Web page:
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PROJECT EARTH is our response to the enormous crisis currently facing our planet. Through chamber music and poetry, we strive to illuminate the impact of human behavior on the environment, addressing issues of climate change, pollution, habitat degradation, and biodiversity loss. Equally important, we give center stage to the immense beauty and wonder found in nature. We recognize the power of our collective imagination and the need to inspire a shared sense of value and responsibility if we are to create meaningful change around these complex issues. 


Project Chapters


PROJECT EARTH is a multi-year endeavor, encompassing three distinct chapters - the Blue, Green, and White Chapters. We premiered the first half of the BLUE CHAPTER in 2019, featuring “Bird Island Suite,” by Canadian composer and jazz pianist Florian Hoefner and Griffin Prize-winning poet Don McKay. This work explores the sensitive ecosystems found on bird islands around the world and the impact of human activity on these endangered sites. A second piece, “Our Material Selves,” by the same creative duo is now in progress to complete the BLUE CHAPTER. This work addresses our lives as material beings, juxtaposing our hunger for some form of immortality with the substances we manufacture that approximate this dubious condition – for example, plastics. 

Bird Island Suite, II. The Bird Island Cacophonic Choir

Bird Island Suite, III. Song for the Song of the Northern Penguin a.k.a. Great Auk

Project Background

Our planet Earth is at a tipping point. Never before in human history has our global home faced this rate of deterioration and species loss. In 2019, the Intergovernmental Science-Platform on Biodiversity and Ecosystem Services (IPBES) reported that 1,000,000 species are now threatened with extinction, many within decades. Greenhouse gas emissions have doubled since 1980, plastic pollution has increased tenfold since 1980, and 300-400 million tons of heavy metals, solvents, toxic sludge, and other wastes are dumped into the world’s waters annually. A full 75% of ecosystems on land and 66% of marine ecosystems have been “severely altered” by human behavior. “We are eroding the very foundations of our economies, livelihoods, food security, health and quality of life worldwide” (Sir Robert Watson, IPBES Chair).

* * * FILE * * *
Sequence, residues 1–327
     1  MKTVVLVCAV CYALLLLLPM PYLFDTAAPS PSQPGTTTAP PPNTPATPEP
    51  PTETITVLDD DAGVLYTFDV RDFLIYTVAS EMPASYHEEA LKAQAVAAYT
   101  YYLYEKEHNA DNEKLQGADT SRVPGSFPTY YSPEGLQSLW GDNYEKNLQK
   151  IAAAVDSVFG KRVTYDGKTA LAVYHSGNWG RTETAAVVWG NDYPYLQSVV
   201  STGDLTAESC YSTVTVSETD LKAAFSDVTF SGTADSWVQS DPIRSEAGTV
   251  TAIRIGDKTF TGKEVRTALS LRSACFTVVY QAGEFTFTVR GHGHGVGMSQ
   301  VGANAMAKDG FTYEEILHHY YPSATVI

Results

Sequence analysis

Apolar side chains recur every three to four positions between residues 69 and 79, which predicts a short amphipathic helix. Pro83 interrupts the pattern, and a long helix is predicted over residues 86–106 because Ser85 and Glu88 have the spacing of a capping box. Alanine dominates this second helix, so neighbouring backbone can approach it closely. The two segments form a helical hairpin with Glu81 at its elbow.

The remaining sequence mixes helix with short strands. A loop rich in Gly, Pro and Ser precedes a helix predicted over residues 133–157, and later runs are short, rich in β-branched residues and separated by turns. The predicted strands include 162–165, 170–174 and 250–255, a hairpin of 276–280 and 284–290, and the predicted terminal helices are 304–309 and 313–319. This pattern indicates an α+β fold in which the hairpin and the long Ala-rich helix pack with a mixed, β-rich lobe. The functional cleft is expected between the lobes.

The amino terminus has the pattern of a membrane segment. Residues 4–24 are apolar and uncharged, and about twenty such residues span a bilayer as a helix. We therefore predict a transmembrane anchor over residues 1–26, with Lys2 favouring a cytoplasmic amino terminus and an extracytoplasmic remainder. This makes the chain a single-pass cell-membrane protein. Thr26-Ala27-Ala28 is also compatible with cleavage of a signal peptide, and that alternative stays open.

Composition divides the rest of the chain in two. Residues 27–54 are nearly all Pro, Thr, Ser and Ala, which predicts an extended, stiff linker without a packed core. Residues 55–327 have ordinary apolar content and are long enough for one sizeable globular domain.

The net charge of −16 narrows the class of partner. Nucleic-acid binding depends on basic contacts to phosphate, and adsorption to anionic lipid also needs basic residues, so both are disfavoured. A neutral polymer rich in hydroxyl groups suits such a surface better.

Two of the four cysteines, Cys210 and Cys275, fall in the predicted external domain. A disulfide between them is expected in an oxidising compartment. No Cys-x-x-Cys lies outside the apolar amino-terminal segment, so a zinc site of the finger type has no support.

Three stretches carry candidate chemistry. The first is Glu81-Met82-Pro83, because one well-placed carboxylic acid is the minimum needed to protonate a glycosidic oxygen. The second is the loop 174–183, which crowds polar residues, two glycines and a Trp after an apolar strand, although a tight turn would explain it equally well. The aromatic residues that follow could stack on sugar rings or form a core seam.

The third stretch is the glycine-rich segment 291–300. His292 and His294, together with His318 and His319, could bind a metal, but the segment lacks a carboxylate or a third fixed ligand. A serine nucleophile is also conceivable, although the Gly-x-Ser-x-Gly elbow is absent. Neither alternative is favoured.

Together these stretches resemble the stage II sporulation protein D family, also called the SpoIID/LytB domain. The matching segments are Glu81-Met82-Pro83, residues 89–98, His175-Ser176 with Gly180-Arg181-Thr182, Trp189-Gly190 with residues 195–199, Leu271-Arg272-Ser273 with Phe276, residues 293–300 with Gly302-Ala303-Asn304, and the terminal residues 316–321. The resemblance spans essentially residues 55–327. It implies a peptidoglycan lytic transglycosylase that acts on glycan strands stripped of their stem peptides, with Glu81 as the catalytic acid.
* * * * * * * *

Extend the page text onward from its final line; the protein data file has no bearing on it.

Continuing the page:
Many of the United Nations’ Sustainable Development Goals address the dire situation in which we currently find our planet. Goals 3, 6-7, 9, 11-12, and especially 13-15 all have targets directly related to the protection of our environment. One target for Goal 15 (“Life on Land”) is to “take urgent and significant action to reduce the degradation of natural habitats, halt the loss of biodiversity and, by 2020, protect and prevent the extinction of threatened species.” But the IPBES report makes it clear that we are not meeting these targets. “Current negative trends in biodiversity and ecosystems will undermine progress towards 80% (35 out of 44) of the assessed targets of the Sustainable Development Goals…” If we fail to meet these targets, Indigenous peoples and those in the poorest communities worldwide will experience the greatest impact.


The problems are complex and the size of the threat we face is not matched by a similarly sized investment in solutions. While people are capable of coming together in great numbers in support of a common cause, the crisis facing our planet has struggled to gain proper attention. The sheer magnitude of the problem and protracted timeline for both threats and solutions make the situation challenging to grasp. 


This has been a call to action for us as artists. The role of storytelling and illuminating “place” has never been more important. For people to come on board with the creative solutions necessary to save our planet, we must connect through our imagination, shared emotional experience, and the direct impact of this crisis on the things we cherish. Numbers are not enough. And a complete doomsday picture will not be effective either. Hope is necessary for humans to take action. And there is hope. The IPBES makes it clear that “nature can still be conserved, restored and used sustainably,” but a “fundamental, system-wide reorganization across technological, economic and social factors” is necessary, “including paradigms, goals, and values.”  


The Earth is THE project of our times. With PROJECT EARTH, we strive to inspire the shared values needed for transformational change. Through music and poetry, we are able to zoom in on tangible high-impact stories, while simultaneously illuminating the beauty we are at risk of losing if nothing changes.